On December 13, 1975, Patti Smith’s album ‘Horses’ was released. Simply put, music was never the same again.
Certainly much has been said about the impact of Patti Smith’s debut album. Her’s how Rolling Stone described it in naming it No. 44 on their list of the 500 greatest albums of all time:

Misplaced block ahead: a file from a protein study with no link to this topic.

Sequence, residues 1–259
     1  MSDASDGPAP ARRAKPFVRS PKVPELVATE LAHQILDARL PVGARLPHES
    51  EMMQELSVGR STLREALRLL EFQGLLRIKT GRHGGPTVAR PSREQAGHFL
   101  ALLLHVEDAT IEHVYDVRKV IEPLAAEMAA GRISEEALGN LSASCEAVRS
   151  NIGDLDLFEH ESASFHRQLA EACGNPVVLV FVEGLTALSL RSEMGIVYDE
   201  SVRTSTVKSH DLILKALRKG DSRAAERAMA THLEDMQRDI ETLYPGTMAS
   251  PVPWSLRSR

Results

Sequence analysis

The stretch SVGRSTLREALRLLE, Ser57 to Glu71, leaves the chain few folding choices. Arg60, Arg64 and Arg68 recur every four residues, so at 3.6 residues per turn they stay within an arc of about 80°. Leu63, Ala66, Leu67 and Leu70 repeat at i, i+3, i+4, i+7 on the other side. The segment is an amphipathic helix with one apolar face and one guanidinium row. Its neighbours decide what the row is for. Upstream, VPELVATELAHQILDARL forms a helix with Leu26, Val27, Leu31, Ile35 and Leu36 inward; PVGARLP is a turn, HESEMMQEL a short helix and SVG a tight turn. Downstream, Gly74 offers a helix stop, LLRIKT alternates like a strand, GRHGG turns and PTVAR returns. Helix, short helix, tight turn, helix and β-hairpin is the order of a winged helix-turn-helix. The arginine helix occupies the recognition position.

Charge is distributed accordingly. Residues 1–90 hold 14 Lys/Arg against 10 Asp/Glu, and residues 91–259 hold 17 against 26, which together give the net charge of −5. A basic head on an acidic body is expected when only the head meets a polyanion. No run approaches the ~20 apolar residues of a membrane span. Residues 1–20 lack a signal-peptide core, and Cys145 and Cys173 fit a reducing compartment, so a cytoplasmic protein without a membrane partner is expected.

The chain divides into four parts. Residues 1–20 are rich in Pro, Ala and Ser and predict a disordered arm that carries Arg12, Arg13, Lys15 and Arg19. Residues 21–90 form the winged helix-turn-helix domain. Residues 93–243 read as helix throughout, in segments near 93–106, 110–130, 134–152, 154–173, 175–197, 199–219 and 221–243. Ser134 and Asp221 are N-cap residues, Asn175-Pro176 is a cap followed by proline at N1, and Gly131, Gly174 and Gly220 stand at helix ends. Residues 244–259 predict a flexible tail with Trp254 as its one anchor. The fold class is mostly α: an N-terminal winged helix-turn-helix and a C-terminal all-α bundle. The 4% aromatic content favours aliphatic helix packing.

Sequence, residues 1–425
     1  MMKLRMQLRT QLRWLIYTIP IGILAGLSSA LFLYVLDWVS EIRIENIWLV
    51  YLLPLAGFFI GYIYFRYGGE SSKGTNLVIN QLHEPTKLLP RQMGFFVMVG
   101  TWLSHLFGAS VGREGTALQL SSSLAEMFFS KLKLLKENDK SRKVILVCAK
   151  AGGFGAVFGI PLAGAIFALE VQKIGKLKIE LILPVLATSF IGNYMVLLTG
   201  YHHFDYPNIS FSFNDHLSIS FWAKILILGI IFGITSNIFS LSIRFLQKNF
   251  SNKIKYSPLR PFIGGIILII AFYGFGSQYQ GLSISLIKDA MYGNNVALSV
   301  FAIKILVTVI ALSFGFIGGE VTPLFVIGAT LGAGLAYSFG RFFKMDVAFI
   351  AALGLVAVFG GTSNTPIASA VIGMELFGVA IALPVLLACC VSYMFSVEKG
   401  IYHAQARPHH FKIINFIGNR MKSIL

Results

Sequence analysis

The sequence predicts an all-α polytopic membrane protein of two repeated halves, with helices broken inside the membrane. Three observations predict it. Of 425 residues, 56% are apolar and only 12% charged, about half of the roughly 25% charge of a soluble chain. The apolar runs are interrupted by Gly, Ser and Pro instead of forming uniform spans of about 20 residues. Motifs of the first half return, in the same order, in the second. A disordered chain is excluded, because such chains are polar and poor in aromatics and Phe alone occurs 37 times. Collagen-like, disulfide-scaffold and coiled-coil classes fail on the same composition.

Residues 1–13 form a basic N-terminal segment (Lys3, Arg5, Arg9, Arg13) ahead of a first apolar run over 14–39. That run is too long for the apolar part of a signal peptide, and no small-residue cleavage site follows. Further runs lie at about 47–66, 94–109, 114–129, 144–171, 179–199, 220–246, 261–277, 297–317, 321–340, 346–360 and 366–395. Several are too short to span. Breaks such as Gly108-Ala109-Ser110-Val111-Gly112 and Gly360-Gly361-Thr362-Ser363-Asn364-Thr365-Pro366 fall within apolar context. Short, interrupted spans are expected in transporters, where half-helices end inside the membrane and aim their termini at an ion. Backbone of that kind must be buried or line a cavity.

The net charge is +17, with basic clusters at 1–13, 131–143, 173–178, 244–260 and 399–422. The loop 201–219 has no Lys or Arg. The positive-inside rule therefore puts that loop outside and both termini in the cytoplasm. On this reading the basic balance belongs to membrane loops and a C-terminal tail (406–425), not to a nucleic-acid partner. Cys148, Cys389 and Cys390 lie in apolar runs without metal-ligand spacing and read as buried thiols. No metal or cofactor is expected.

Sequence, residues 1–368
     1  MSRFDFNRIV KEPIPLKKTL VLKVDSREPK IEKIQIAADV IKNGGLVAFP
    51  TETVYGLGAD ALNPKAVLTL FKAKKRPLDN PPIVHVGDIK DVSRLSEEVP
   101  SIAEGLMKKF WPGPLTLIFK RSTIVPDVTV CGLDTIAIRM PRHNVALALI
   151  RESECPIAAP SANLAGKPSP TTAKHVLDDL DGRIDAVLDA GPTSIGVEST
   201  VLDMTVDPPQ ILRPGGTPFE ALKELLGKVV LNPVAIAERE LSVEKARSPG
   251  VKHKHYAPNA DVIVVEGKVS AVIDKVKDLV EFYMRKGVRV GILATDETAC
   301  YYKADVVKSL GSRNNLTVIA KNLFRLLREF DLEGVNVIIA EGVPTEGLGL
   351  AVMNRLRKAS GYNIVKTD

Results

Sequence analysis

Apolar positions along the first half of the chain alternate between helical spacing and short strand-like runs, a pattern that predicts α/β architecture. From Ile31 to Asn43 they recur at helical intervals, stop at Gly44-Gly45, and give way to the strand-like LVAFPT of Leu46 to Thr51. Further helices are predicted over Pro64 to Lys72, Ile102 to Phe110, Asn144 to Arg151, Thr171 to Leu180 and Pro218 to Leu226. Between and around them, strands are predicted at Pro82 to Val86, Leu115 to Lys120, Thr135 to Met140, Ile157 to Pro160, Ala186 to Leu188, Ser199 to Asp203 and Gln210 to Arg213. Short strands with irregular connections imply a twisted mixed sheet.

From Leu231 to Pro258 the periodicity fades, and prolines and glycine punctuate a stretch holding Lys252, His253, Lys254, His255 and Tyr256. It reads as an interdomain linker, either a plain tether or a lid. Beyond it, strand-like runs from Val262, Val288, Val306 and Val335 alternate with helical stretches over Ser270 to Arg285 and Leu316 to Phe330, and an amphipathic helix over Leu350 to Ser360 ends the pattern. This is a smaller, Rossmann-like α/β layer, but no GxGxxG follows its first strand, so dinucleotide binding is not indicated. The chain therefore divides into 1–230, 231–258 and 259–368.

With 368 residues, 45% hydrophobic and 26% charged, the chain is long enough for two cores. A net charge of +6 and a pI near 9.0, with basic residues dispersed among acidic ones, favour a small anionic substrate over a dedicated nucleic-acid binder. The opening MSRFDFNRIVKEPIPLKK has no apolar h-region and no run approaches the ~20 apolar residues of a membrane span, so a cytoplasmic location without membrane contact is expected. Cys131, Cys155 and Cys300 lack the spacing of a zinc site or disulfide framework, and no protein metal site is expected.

From its first defiant line, “Jesus died for somebody’s sins, but not mine,” the opening shot in a bold reinvention of Van Morrison‘s Sixties garage-rock classic “Gloria,” Patti Smith‘s debut album was a declaration of committed mutiny, a statement of faith in the transfigurative powers of rock & roll. Horses made her the queen of punk before it even really existed, but Smith cared more for the poetry in rock. She sought the visions and passions that connected Keith Richards and Rimbaud – and found them, with the intuitive assistance of a killing band (pianist Richard Sohl, guitarist Lenny Kaye, bassist Ivan Kral and drummer Jay Dee Daugherty).